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Man, Shakespeare’s characters have it rough. If it’s not poison, it’s one of the following horrible ways to die.
In Shakespeare’s Titus Andronicus, it really stinks to be Lavinia. Lavinia is attacked by the sons of Tamora, Queen of the Goths and wife of the Roman Emperor, who raped her, then cut out her tongue and cut off her hands so that she can’t tell anyone what had happened (although I suppose they didn’t think she could just point with her arm?).
Boy meat pies
This atrocity also comes from Titus. The titular main character takes grievous revenge on the Queen of the Goths for all that she has done to his family – he murders her sons and uses their bodies to make meat pies, which he then feeds to her and the Emperor.
Boiling a convict
This particular creepy act is a method of punishment used in Shakespeare’s time, mentioned in Winter’s Tale and The Twelfth Night as boiling the convict is oil or lead.
Stabbing has got to have been Shakespeare’s favorite way of killing someone – more often than not if someone dies, it is because they have been introduced to the pointy end of a sword or dagger.
The drowning in Hamlet is sad – it brings an end to the mental suffering of Ophelia, who drowns in an apparent suicide.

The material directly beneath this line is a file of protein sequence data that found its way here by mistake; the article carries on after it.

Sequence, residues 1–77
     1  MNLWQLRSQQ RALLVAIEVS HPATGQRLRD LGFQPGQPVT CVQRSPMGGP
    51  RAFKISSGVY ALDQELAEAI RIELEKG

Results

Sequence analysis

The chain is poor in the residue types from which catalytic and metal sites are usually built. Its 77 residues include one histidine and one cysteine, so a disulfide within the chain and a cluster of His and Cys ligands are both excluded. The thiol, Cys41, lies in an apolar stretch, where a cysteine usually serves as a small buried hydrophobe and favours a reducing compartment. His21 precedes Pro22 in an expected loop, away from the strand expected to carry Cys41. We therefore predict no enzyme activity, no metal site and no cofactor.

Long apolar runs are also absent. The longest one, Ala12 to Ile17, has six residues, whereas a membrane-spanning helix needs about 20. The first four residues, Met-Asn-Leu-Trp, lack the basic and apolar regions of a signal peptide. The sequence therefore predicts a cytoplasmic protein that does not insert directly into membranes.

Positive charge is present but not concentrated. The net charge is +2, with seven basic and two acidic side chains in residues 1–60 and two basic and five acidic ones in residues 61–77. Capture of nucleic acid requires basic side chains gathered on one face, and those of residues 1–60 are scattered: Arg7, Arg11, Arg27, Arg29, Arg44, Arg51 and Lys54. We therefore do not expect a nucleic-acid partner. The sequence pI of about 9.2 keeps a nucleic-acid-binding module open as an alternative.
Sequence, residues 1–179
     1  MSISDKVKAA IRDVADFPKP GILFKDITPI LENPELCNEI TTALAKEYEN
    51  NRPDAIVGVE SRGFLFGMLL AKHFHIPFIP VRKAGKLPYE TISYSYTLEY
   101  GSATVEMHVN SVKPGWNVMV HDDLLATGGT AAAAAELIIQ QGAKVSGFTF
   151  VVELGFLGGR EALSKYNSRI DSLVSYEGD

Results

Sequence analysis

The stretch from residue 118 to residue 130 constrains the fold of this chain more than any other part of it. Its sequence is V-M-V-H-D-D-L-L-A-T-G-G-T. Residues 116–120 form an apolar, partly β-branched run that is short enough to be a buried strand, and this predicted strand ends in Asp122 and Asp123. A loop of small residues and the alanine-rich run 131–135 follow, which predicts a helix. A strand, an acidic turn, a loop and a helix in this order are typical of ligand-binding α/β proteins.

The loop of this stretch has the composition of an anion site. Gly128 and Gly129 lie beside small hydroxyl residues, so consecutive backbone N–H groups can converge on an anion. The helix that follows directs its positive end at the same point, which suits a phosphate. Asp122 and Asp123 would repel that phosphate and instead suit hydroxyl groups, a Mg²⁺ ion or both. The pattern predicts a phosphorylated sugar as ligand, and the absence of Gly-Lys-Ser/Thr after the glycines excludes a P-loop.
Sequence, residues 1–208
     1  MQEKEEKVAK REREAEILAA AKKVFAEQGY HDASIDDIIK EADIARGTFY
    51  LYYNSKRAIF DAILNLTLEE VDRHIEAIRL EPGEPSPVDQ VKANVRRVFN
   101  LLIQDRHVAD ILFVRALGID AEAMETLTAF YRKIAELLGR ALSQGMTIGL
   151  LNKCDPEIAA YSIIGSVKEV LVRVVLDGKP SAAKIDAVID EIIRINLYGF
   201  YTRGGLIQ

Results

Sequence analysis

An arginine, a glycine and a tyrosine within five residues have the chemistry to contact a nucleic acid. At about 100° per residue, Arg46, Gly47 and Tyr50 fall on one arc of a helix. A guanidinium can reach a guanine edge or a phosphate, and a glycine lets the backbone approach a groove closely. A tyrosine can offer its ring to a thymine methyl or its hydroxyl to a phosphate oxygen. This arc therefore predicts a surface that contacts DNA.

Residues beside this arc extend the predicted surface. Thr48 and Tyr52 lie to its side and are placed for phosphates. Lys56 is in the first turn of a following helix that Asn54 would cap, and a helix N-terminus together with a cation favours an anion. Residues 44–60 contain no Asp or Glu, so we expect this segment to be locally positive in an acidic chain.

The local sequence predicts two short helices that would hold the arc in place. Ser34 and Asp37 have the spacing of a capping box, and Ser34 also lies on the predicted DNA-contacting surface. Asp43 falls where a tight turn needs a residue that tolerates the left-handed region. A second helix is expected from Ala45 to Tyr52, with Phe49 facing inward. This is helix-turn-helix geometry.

The smothering occurs at the climax of Shakespeare’s Othello. The titular character, driven mad by jealousy at the thought that his wife has been cheating on him, smothers her with a pillow.
Death from Sleeplessness
At the time of her death, Lady Macbeth is not as happy with her decisions as she would have liked. For her role in the death of the previous king Duncan that lead to her husband ascending the throne, she is unable to find restful sleep, from which she eventually succumbs.
Eating hot coals
Brutus, of Caesar-killing fame, had a wife named Portia. In Shakespeare’s Julius Caesar, Portia commits suicide in the fourth act by swallowing live coals.
Arms/legs cut off, thrown into fire
And here we are back on Titus Andronicus. It’s not a happy play. One of the Queen’s sons is sacrificed to the spirits of the dead – the Romans cut off all of his limbs, then throw every piece of him into the fire.
Buried to neck and starving
Still Titus Andronicus. The old Emperor dies and is replaced by a man named Lucius, who sentences a Moor named Aaron to death by being buried up to his neck until he died. Aaron had been the main architect of the destruction of Titus Andronicus’ family.
One more return to a play mentioned on this list – The Winter’s Tale. After abandoning a child, Antigonus is chased off stage by one of Shakespeare’s most famous stage directions: “Exit, pursued by a bear.”
Now check out these Shakespearean insults.